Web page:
“Hong Kong talent has the advantage of language skills, particularly writing in English, the business language,” says Bianca Wong, group human resources and corporate communications director at Jebsen & Co, a Hong Kong-based marketing and distribution company with extensive operations across Greater China.
Wong notes that today’s young Hongkongers have good exposure to the mainland. “There are a lot of exchange programmes for students to intern in China and go to summer school in China; it’s moulding their interest in China,” she says. “They are very comfortable conducting meetings in Mandarin and they are very willing to take e-learning courses and short courses.”
Wong also believes talented young Hongkongers are hungry for success and can be clear about their goals, but that this can be a double-edged sword. They can get frustrated if they expect to advance quickly in their careers and don’t get promoted as fast as they would like, Wong says.
For some entrepreneurs, the mainland can offer broader opportunities. “For Hong Kong Chinese, there is a sense that there are more diverse opportunities in mainland China,” says Sean Ferguson, the associate dean of master’sprogrammesanddirector of MBA programmes at the Hong Kong University of Science and Technology (HKUST) School of Business and Management.
“If they stay in Hong Kong, there is the sense they are locked into financial services. But on the mainland, they can move into consulting, consumer marketing, pharmaceuticals – pretty much anything,” Ferguson says.
He adds that he’s seen people set up successful businesses in Hong Kong on the back of experience they have gained working on the mainland. He thinks it’s possible for very proactive entrepreneurs to establish a portfolio of relationships that can be used to set up a solid business operation within three to five years. English skills, however, remain important for high-level talent at top international companies.
Some worry Hongkongers will become less internationally competitive if English competency slips.
Hong Kong-based Robert Knight, a partner for the global CEO and board of directors practice at executive search firm Heidrick & Struggles, says he’s noticed the quality of spoken English in Hong Kong decline since the 1997 handover.
“In searches we’ve done over the last 18 months, it has been noticeable when you have Hong Kong people – and then suddenly you get a Singaporean or Malaysian in the pot,” Knight says. “It’s not that they are smarter, but they are better at articulating themselves [in English].”
THE DIVERSITY CHALLENGE
More diverse job opportunities in the city could also help nurture world-class talent, says Knight. While start-ups have been springing up in the city, there seems to be a relative lack of medium-sized and broadly held companies here.
“I am always impressed and enthused by the youth I see, but I feel there is a slight lack in their ability to really achieve, because they’ve got to choose between these big Hong Kong conglomerates or start-ups,” says Knight.
“The big conglomerates revolve around property and are strong family-owned businesses,” he adds. “Nearly all the very large companies still have boards run by first-generation Chinese.”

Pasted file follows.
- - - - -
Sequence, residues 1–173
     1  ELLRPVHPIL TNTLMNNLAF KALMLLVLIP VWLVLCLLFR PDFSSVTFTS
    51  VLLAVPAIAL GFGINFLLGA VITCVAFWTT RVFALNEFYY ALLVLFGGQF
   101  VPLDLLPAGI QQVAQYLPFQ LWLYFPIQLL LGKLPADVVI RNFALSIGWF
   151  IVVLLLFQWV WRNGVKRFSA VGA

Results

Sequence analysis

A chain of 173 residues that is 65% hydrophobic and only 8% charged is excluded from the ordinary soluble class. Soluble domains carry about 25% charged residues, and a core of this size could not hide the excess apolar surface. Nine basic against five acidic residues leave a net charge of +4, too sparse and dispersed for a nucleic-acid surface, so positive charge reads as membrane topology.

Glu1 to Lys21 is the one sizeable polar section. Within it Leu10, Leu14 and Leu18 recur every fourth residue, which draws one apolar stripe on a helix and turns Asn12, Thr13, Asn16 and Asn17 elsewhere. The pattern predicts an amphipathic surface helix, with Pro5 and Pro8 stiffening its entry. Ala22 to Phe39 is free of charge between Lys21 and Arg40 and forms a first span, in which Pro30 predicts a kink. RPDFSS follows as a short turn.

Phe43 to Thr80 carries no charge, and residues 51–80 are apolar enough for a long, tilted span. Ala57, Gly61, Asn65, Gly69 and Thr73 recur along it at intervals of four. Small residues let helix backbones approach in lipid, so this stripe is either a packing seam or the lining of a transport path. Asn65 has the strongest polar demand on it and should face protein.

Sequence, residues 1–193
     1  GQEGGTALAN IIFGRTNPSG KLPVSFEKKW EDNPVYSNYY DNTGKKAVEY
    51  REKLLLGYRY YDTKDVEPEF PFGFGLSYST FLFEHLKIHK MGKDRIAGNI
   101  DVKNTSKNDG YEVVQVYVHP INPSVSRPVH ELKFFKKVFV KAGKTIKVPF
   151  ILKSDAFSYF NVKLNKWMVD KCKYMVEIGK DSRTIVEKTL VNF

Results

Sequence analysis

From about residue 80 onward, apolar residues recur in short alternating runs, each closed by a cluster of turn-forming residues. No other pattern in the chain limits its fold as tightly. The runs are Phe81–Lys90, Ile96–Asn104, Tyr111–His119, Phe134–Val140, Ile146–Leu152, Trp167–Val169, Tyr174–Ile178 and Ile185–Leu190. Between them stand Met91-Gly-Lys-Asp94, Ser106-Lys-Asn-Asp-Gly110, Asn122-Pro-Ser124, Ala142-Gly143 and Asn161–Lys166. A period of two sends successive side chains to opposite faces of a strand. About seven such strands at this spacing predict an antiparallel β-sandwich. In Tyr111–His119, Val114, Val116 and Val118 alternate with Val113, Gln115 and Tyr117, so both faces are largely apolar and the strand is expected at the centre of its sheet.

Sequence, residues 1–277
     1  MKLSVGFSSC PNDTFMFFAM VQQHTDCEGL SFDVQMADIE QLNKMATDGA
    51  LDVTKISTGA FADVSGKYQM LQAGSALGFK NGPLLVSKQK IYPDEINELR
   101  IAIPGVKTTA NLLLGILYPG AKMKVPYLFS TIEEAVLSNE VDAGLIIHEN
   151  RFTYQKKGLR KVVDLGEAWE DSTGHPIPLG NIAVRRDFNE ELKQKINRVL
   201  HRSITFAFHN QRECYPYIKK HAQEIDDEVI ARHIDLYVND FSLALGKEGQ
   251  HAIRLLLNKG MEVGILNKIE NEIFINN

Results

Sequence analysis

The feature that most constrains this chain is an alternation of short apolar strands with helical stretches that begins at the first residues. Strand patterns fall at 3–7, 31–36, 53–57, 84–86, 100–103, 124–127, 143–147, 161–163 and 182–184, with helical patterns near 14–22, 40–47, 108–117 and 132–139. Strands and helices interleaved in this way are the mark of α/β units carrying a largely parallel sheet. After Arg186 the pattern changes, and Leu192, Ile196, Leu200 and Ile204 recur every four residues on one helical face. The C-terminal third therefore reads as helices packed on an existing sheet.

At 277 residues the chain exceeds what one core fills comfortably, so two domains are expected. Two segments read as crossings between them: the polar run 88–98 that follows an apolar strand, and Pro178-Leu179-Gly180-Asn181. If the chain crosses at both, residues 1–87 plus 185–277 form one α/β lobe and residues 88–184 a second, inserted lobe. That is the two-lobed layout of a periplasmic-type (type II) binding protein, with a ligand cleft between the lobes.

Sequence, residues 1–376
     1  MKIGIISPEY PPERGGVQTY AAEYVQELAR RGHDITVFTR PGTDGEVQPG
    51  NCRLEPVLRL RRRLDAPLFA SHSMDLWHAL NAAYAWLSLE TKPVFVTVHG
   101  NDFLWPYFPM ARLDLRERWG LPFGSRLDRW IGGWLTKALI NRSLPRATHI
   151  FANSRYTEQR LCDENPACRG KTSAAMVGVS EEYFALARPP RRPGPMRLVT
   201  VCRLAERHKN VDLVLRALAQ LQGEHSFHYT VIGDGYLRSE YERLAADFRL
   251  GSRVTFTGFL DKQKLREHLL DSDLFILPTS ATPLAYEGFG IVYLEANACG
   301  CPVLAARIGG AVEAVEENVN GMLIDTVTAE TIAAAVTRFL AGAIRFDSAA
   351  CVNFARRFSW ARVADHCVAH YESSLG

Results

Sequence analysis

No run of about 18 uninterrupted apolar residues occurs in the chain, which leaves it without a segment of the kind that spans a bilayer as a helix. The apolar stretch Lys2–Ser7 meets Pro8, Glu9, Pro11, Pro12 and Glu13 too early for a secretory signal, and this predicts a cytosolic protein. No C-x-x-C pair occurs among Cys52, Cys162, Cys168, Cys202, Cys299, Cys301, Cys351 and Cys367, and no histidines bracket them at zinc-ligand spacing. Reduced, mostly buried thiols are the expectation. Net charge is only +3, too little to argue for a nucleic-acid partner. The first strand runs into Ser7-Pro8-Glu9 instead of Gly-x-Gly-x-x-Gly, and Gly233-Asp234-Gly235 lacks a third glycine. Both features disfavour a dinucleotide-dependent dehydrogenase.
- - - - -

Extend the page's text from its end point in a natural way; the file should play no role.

According to Knight, boards are “selecting the world’s top talent-formerCEOswhohavean understanding of different markets and cultures.”
Jebsen & Co is an example of a family-owned enterprise that has taken a cross-cultural approach in growing its business. Originally founded in 1895 as a trading business in Hong Kong by Jacob Jebsen and Heinrich Jessen, who hailed from what is now part of Denmark, the group now has operations in more than 10 cities on the mainland and has established a presence in Southeast Asia and Europe. With consumer, industrial, beverage and motors units, its products include the Blue Girl Beer brand, which it acquired in 1906, and it has represented Porsche in Hong Kong since 1955.
“Much of the success of the company is based on the teamwork betweenChineseandEuropean colleagues,” says Hans Michael Jebsen, in his chairman’s message on Jebsen & Co’s website.
THE NEXT LEVEL
Educators believe there’s still a lot of great talent to be tapped in Hong Kong, and that the city can take on a bigger role on the world stage. “There is a lot of leadership potential here,” says HKUST’s Ferguson. “Hong Kong has a deep talent for CEOs that can be nurtured.”
Richard Jolly, adjunct professor of organisational behaviour at London Business School, who has taught executive education programmes across Europe, the Middle East and Asia, says: “Given the cultural diversity of Hong Kong businesses and the flow of executives in and out of the region, [the city] is potentiallyextremelywell-placedto increase its importance in the global business landscape.”
However, a shift in leadership style may be needed to help Hong Kong companies take their talent to the next level. “One of the key trends in organisations is the move to a more interdependent, collaborative way of working – that is, the transition from human capital (knowledge and expertise) to social capital,” Jolly says.
“For this to happen, there needs to be a focus on developing the skills necessary to engender effective collaboration. This is a big shift for many businesses, as it involve[s] shifting from traditional ‘command and control’ styles of leadership.”